Effects of specimen and grain size on electrically-induced softening behavior in uniaxial micro-tension of AZ31 magnesium alloy: Experiment and modeling

Xinwei Wang, Jie Xu*, Debin Shan, Bin Guo, Jian Cao

*Corresponding author for this work

Research output: Contribution to journalArticlepeer-review

18 Scopus citations

Abstract

Various electrically-assisted (EA) plastic forming technologies have been developed for difficult-to-form materials such as magnesium alloys in recent years. However, very few studies have been conducted on EA micro-forming, especially determining the size effect on electrically-induced softening behavior. In this study, uniaxial micro-tension tests at various current densities were conducted to investigate the effects of grain size and specimen size on the electrically-induced softening behavior of magnesium alloy AZ31 specimens. It was found that the electrically-induced softening parameter (i.e., the ratio of the tensile strength in EA to that in non-EA test with the higher softening at the smaller value) followed an inverse-S-shaped function of current density. A relatively lower current density would be sufficient for larger sample sizes and smaller grain sizes to achieve a higher softening effect, indicating that grain number may be an important factor influencing electrically-induced softening. These size effects on electrically-induced softening were used to modify a semi-empirical softening function of current density, which could effectively predict the electrically-induced softening behaviors of five metals. The current density threshold in EA tension was defined and formulated based on the semi-empirical softening function, which nonlinearly increased with grain size, but decreased with specimen size and electrical resistivity.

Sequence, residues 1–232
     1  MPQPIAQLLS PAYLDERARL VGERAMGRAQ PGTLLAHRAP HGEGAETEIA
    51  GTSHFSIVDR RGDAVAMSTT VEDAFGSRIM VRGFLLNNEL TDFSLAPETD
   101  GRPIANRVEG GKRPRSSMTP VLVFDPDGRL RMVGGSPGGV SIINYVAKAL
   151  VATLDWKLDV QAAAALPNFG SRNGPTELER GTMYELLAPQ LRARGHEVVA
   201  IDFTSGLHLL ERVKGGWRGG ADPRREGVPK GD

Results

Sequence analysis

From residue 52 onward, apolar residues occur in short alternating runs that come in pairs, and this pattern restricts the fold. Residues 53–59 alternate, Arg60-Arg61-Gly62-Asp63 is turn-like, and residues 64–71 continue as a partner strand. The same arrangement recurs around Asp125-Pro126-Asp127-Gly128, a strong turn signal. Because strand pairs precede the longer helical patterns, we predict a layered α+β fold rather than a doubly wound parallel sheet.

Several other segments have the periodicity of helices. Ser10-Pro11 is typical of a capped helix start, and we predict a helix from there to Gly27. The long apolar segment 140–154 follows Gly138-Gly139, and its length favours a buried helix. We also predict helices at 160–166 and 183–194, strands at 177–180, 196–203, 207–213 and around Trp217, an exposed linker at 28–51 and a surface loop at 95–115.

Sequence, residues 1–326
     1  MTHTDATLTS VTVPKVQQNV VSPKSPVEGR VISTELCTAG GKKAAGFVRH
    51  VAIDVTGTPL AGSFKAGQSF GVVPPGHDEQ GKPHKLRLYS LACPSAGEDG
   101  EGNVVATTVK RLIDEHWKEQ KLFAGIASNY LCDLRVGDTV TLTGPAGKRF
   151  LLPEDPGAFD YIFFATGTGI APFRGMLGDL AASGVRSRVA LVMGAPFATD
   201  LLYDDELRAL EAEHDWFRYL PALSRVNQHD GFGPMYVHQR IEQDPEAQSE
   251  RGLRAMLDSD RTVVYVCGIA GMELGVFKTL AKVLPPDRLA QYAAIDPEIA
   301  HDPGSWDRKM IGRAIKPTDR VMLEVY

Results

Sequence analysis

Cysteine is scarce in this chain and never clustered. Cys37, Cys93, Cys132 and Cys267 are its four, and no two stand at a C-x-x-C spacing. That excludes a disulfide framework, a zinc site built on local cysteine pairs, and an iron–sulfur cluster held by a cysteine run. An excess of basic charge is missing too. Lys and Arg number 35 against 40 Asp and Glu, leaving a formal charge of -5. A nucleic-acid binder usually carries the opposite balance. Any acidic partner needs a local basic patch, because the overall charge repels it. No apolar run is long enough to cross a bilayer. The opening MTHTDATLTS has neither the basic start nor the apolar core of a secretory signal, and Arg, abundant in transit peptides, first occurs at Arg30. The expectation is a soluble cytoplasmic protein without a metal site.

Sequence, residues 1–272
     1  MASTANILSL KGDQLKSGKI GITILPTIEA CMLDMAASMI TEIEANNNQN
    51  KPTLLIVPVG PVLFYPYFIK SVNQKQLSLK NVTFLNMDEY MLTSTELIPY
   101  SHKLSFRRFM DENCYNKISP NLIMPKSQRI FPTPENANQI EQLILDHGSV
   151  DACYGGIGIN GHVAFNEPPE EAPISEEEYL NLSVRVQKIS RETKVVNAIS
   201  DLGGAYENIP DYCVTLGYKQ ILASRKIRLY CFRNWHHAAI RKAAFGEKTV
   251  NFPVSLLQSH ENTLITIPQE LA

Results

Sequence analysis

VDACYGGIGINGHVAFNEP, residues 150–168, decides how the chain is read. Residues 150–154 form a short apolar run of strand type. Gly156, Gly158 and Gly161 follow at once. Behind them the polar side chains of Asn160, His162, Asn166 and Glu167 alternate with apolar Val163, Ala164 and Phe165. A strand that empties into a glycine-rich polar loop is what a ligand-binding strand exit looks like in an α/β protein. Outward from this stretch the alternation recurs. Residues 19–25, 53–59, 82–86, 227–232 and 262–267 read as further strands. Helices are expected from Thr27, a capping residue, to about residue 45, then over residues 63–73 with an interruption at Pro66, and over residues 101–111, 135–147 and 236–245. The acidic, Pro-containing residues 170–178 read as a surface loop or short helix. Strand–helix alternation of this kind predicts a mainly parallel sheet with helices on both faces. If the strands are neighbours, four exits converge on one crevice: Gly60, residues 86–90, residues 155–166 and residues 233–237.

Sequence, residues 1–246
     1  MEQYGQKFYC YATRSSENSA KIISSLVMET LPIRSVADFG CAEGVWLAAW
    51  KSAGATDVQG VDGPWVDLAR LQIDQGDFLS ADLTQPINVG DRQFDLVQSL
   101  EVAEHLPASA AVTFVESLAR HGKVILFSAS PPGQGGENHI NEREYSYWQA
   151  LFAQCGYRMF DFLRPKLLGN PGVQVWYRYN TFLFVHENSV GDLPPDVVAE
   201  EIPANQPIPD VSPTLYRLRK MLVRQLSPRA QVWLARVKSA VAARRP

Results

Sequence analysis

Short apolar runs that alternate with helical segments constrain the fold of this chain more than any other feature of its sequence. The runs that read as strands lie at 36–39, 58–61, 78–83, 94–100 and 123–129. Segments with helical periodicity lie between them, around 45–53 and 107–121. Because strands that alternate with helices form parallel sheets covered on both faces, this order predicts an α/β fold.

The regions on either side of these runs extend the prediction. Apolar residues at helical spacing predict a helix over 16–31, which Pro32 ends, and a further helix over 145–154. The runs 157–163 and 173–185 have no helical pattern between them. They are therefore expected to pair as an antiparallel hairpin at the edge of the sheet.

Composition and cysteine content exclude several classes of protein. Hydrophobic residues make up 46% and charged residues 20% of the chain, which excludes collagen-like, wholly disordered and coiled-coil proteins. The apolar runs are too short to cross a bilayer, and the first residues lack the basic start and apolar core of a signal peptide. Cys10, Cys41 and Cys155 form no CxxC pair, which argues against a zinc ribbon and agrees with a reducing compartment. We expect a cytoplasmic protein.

Original languageEnglish (US)
Pages (from-to)134-143
Number of pages10
JournalMaterials and Design
Volume127
DOIs
StatePublished - Aug 5 2017

Keywords

  • Electrically-assisted
  • Magnesium alloy
  • Micro-tension
  • Modeling
  • Size effect
  • Softening behavior

ASJC Scopus subject areas

  • Materials Science(all)
  • Mechanics of Materials
  • Mechanical Engineering

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